There is the obvious need for society to be protected from the antics of dangerous individuals, but there is also the need for the individual to be protected from domination by any particular group, be it political, commercial, religious or anything else. We have to keep the balance always in view so that, at one extreme, abuses are minimised and at the other that a monopoly does not impede the growth of new ideas. Standards and codes are extremely useful, but it is vital to recognise that they must change from time to time in the light of changing circumstances or new discoveries.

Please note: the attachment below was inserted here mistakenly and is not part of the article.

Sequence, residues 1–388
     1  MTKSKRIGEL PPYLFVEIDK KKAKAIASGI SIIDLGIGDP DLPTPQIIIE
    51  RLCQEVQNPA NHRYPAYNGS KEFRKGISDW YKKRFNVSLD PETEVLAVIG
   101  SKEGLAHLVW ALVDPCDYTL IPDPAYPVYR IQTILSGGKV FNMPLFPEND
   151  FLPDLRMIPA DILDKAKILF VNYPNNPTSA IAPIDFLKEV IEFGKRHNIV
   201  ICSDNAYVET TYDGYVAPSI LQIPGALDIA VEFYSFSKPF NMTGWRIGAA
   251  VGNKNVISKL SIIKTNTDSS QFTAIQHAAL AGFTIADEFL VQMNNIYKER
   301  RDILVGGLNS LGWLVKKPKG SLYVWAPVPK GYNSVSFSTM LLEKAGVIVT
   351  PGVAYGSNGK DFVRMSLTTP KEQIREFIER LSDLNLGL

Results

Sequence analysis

We are extremely fortunate in Britain in that medical codes now leave the door open for doctors to liaise with healers, but we are still left with the problem of assessing healers. It would be convenient if we had some measurable standard by which to judge them. At this point I think it is important to distinguish between the many therapies that are used as adjuncts to healing, and the simple acts of laying on hands and absent healing. It would be possible and perhaps desirable to set up standards of practice for some therapies (such as massage), though we have to be on the alert to incorporate improvements. Until we can establish a relevant yardstick it would be extremely difficult, and not necessarily desirable, to setup standards for simple healing. While it is undoubtedly useful for healers to have a basic knowledge of anatomy, it is not by any means essential, and to insist upon learnt knowledge when assessing an intuitive gift is not necessarily relevant or satisfactory. If academic examinations became a prerequisite for healers, a great deal of valuable assistance would be outlawed. (Incidentally, I have heard doubts expressed, even in medical circles, about the increasing dependence on academic qualifications. The medical schools are naturally tempted to choose the most academically brilliant students, who qualify with distinction, but unless they have that ‘extra something’ which you might call a genuine vocation, they do not necessarily make good doctors.)